Hydrogen is an amazing energy carrier, but the introduction of lightweight solid-state substances for compact, low-pressure storage is a great challenge. Intricate metal hydrides are a lucrative group of hydrogen storage substances, but their viability is usually limited by slow hydrogen uptake and release. Nanoconfinement, infiltrating the metal hydride within a matrix of another substance like carbon can, in certain stances; aid makes this process faster by shortening diffusion pathways for hydrogen or by altering the thermodynamic stability of the substance.
But, the Livermore-Sandia group, in conjunction with associates from Mahidol University in Thailand and the National Institute of Standards and Technology, revealed that nanoconfinement can have another potentially more vital consequence. They found that the presence of internal ‘nano – interfaces’ within nanoconfined hydrides can transform after which phases appear when the substance is cycled.
The scientists examined the big-capacity lithium nitride hydrogen storage system under nanoconfinement. Employing a link of theoretical and experimental methods, they revealed that the pathways for the uptake and release of hydrogen were basically altered by the presence of nano-interfaces, resulting to drastically faster performance and reversibility.
“The key is to get rid of the undesirable intermediate phases, which slow down the substance’s performance as they are formed or consumed. If you can do that, then the storage capacity kinetics drastically enhanced and the thermodynamic requirements to accomplish complete recharge become far more reasonable,” says Brandon Wood, an LLNL materials researcher and lead author of the paper. “In such substance, the nano-interfaces do just that, as long as the nanoconfined particles are small enough. It is really a novel paradigm for hydrogen storage, since it implies that the reactions can be altered by engineering internal microstructures.”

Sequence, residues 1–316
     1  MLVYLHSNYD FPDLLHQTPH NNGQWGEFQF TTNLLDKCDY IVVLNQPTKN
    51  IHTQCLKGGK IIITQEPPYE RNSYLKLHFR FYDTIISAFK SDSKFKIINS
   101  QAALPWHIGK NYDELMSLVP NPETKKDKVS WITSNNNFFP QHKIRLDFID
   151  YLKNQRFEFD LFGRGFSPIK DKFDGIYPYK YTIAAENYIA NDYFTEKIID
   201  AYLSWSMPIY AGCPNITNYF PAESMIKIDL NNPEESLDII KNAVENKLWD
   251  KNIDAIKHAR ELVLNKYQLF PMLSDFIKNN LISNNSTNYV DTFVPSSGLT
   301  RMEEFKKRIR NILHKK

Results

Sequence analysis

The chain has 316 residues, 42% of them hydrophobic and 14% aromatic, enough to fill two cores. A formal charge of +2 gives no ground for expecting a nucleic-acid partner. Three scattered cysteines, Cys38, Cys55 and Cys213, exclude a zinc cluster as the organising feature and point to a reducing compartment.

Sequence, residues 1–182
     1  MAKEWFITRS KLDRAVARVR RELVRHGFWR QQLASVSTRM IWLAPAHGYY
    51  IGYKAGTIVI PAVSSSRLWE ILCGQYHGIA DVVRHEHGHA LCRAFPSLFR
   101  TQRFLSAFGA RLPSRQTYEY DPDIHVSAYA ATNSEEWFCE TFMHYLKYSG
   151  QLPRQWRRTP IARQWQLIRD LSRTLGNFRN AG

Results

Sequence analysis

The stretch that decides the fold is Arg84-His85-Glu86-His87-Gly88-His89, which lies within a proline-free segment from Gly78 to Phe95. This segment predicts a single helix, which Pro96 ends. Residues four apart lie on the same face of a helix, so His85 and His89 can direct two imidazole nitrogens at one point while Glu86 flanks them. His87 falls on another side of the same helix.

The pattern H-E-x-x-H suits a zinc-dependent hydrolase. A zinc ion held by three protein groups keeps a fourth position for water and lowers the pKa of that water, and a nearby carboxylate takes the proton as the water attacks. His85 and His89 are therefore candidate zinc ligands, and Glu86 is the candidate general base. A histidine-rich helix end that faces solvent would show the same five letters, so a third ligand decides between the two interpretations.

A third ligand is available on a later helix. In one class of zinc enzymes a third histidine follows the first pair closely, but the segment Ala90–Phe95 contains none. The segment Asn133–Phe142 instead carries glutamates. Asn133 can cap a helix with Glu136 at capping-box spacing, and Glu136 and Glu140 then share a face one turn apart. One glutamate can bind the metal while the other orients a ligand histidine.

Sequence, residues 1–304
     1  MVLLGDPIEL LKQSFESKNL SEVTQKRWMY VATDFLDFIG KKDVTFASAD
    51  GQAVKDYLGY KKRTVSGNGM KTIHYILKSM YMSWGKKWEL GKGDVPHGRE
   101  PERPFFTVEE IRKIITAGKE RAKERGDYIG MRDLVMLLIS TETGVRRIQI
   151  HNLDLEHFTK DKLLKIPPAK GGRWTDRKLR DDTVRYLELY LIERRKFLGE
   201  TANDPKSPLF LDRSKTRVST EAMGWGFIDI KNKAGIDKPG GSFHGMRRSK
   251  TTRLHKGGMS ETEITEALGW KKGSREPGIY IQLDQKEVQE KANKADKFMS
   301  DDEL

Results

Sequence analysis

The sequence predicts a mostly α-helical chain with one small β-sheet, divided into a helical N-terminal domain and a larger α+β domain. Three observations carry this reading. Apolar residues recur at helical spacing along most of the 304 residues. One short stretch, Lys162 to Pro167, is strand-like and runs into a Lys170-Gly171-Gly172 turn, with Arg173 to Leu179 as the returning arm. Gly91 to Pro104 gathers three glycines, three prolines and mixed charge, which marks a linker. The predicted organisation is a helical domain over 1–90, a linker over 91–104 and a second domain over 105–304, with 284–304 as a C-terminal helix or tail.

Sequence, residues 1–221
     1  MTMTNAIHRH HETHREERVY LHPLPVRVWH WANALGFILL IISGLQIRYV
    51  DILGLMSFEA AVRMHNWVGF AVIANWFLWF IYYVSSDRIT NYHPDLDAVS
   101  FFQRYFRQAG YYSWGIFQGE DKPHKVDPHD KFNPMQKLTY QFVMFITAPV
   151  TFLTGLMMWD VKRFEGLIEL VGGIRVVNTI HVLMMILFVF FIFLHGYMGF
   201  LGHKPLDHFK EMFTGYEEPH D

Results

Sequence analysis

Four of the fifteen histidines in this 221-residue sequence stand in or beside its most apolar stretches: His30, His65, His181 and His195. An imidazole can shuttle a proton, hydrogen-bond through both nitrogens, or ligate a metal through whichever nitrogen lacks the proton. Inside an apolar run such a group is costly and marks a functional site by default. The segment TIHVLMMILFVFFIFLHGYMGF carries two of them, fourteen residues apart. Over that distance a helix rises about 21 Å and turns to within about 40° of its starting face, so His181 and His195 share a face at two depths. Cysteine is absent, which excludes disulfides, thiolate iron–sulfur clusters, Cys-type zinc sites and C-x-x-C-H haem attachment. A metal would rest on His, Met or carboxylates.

The Livermore scientists used a thermodynamic modelling method that goes beyond traditional descriptions to consider the contributions from the evolving solid phase boundaries as the substance is hydrogenated and dehydrogenated. They revealed that accounting for such contributions eradicates intermediates in nanoconfined lithium nitride, which was confirmed spectroscopically.
Beyond illustrating nanoconfined lithium nitride as a rechargeable, high-performing hydrogen-storage substance, the work established that adequate consideration of solid-solid nanointerfaces and particle microstructure are essential for comprehending hydrogen-induced phase transitions in intricate metal hydrides.
“There is a direct analogy between hydrogen storage reactions and solid-state reactions in battery electrode substances,” says Tae Wook Heo, another LLNL co-author on the study. “People have been considering about the role of interfaces in batteries for some time, and our work suggests that some of the similar strategies being pursued in the battery community could also be applied to hydrogen storage. Tailoring morphology and internal microstructure could be the finest way forward for engineering substances that could meet performance targets.”
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